Star Facts: Barnard’s Star (Gliese 699)

Barnard's Star (Gliese 699)
Artists impression of Barnard's Star

Although the star is named after the famous American astronomer E.E. Barnard, he did not discover it. The star first appeared on plates taken by Harvard University in 1888 and 1898, but in 1916, Barnard was the first to measure the stars’ proper motion, which comes to 10.3 seconds of arc per year, hence the star’s other nickname, Barnard’s Runaway Star. To put this in perspective, the star moves about half the diameter of a full Moon in an average human life time.

Quick Facts

• Constellation: Ophiuchus
• Coordinates: RA 17h 57m 48.49803s |Dec. +04° 41′ 36.2072″
• Distance: 5.978 light years
• Star Type: M4.0V
• Mass: 0.144 sol
• Radius: 0.196 sol
• Apparent Magnitude: +9.5
• Luminosity: 0.0004 sol
• Surface Temperature: 3,134K
• Rotational Velocity: 130.4 days
• Age: 10-12 billion years (Estimated)
• Other Designations: “Greyhound of the Skies”, BD+04°3561a, GCTP 4098.00, Gl 140-024, HIP 87937, LFT 1385, LHS 57, LTT 15309, Munich 15040, Proxima Ophiuchi, V2500 Ophiuchi, Velox Barnardi, Vyssotsky 799

Visibility

Barnard’s Star has the distinction of being the second-closest star to Earth, with the nearest being the triple star system that makes up Alpha Centauri in Centaurus. The latter is 4.365 light years distant, but only visible to observers located south of the tropics, making the 5.978 light year distant Barnard’s Star in the constellation Ophiuchus the nearest star of choice for northern stargazers. Unlike Alpha Centauri which is the night sky’s third brightest star with an apparent magnitude of -0.28, Barnard’s Star, on the other hand, is a rather dim and dull red star which at magnitude +9.5 is well below the limits of naked-eye visibility. While it can be spotted in small telescopes, these optical aids have to be fitted with suitable filters, since the star is more visible in infrared than optical frequencies.

Physical Properties

Motion and Velocity

Barnard’s Star has the highest proper motion of all known stars, but this high velocity relative to the Sun is a function of its close proximity to Earth, rather than its “real” motion across the sky. While Barnard’s Star has a relative (to the Sun) lateral velocity of 90 km/s, blue-shift measurements have revealed that in combination with its proper motion, the star has a true space velocity of 142.6 km/s, which means that in about the year AD 11,800, it will approach the Sun to within about 3.75 light years.

Given its age of between 10 and 12 billion years, which makes it at least twice as old as the Sun and likely among the oldest star in the Milky Way, Barnard’s Star has lost most of its rotational energy, and it has long been thought of as being quiescent in terms of stellar activity. However, and rather surprisingly, observers detected a strong stellar flare on the star in 1998, which outburst confirmed it as a flare star, which is a common characteristic of cool M-class stars, although it was not expected to occur on stars as old as this.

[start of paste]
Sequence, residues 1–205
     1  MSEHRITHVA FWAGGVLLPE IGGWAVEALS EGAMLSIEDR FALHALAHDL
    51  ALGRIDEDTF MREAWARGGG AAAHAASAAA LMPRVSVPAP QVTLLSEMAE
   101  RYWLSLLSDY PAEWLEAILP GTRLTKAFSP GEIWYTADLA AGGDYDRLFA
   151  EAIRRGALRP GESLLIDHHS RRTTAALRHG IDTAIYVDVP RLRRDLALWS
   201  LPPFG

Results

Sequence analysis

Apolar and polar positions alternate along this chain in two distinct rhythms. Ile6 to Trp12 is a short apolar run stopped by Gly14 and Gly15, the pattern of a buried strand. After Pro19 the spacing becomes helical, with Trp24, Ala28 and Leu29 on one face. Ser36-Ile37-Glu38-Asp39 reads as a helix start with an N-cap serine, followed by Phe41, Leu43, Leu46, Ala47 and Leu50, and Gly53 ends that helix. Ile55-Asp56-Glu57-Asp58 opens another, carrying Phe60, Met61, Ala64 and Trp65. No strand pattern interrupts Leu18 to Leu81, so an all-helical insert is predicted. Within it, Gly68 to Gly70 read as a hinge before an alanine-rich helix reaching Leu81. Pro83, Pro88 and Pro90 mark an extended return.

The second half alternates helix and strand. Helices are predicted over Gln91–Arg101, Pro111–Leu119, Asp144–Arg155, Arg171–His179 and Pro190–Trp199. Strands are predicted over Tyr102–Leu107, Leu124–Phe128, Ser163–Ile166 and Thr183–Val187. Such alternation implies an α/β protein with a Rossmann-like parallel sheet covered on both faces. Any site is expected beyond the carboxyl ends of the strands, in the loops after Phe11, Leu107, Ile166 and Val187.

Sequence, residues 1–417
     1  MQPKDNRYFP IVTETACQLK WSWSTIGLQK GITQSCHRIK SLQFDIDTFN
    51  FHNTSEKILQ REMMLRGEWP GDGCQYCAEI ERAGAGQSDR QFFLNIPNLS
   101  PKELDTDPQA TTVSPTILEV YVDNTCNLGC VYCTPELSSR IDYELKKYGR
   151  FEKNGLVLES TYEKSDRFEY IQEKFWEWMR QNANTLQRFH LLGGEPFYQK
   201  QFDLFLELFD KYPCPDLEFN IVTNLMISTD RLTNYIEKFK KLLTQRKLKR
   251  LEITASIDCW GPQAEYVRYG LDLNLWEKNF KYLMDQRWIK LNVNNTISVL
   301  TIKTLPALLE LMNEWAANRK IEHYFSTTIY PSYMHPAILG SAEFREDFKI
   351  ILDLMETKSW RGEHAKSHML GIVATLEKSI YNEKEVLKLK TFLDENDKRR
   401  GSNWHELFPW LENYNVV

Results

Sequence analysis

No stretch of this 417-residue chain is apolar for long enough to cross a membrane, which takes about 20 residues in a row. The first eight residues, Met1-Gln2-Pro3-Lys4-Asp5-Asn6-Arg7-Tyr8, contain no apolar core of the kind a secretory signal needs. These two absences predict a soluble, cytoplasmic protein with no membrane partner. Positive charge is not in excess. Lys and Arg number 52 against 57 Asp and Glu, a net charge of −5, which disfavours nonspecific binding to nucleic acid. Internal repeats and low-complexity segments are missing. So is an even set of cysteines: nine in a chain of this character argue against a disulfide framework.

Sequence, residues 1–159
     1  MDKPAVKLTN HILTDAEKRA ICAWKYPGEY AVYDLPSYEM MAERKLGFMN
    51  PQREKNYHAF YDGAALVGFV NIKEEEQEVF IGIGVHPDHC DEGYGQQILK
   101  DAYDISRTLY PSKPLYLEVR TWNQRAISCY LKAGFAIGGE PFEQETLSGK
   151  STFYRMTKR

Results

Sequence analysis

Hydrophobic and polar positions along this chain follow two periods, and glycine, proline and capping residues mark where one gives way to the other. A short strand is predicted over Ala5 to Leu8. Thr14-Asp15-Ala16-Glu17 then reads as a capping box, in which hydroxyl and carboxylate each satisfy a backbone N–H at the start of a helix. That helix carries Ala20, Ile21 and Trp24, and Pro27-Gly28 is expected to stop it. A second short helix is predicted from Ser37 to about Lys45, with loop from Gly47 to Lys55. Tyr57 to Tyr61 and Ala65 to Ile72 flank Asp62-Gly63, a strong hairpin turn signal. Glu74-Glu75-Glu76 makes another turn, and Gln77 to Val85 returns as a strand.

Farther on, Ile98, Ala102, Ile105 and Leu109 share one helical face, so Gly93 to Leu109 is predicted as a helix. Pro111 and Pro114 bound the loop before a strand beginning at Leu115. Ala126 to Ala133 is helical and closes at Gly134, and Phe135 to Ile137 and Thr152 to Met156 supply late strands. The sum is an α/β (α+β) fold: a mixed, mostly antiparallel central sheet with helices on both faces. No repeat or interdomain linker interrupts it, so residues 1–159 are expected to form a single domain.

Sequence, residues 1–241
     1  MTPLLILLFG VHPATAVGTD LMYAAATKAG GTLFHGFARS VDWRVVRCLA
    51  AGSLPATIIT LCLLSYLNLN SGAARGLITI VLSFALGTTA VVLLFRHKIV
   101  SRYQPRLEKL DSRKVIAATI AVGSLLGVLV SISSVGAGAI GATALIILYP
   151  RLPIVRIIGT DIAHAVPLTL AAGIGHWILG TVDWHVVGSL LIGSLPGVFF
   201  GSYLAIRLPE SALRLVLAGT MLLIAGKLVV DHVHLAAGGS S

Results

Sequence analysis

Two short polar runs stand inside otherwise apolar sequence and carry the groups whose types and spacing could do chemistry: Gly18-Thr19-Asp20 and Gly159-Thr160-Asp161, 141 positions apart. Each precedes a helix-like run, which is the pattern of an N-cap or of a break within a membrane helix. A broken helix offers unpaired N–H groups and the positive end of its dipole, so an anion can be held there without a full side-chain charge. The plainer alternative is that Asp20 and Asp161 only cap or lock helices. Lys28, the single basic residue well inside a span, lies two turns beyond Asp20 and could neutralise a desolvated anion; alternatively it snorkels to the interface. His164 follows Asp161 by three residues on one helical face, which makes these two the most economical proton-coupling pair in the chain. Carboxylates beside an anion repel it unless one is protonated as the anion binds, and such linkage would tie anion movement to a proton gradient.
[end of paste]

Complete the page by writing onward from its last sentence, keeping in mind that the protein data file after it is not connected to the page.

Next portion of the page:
Size, Mass and Composition

Barnard’s Star is a low-mass red dwarf (M4.0V) that is about 150 times more massive than the planet Jupiter, but much denser, which translates into an effective diameter of only about twice that of the Gas Giant, and about 15% to 20% that of the Sun. Furthermore, its effective temperature of only 3,100K makes it only 0.0004 as bright as the Sun, which means that if Barnard’s star were as close to Earth as the Sun, it would appear to be only 100 times as bright as the full Moon as seen back on Earth. By way of comparison, this is about as bright as the Sun would appear from Earth at a distance of 80 or so AU, bearing in mind that our outer planet Neptune is located around 30 AU away.

In terms of its composition, Barnard’s Star has a metallicity of between 10% and 32% that of the Sun, which is accepted as being typical of very old red dwarf, Population II stars. However, this metallicity range also applies to old, galactic halo stars that are generally metal-poor. In practice, however, Barnard’s Star is more metal-rich than the average halo star, and in line with the low-end range for relatively metal-rich galactic disc stars. As a result of this and its high proper motion, Barnard’s Star now revels in the designation “intermediate population II star”, which places the star in a category (or class) of stars that have elements of both halo and disc stars.

Planetary Systems

Because of its close proximity, Barnard’s Star has been studied extensively, and particularly the distances at which possible extra-solar planets could have formed around it. Despite this, Dutch astronomer Peter van de Kamp was convinced that he had discovered several gas giants around the star, and from the early 1960’s to the early 1970’s spent much time trying to demonstrate the existence of planets around Barnard’s Star. However, by the mid-1970’s, improved computer modeling techniques had ruled out the possibility of gas giants forming where van de Kamp said they were, although the possibility of terrestrial-sized planets existing around the star cannot yet be ruled out entirely.

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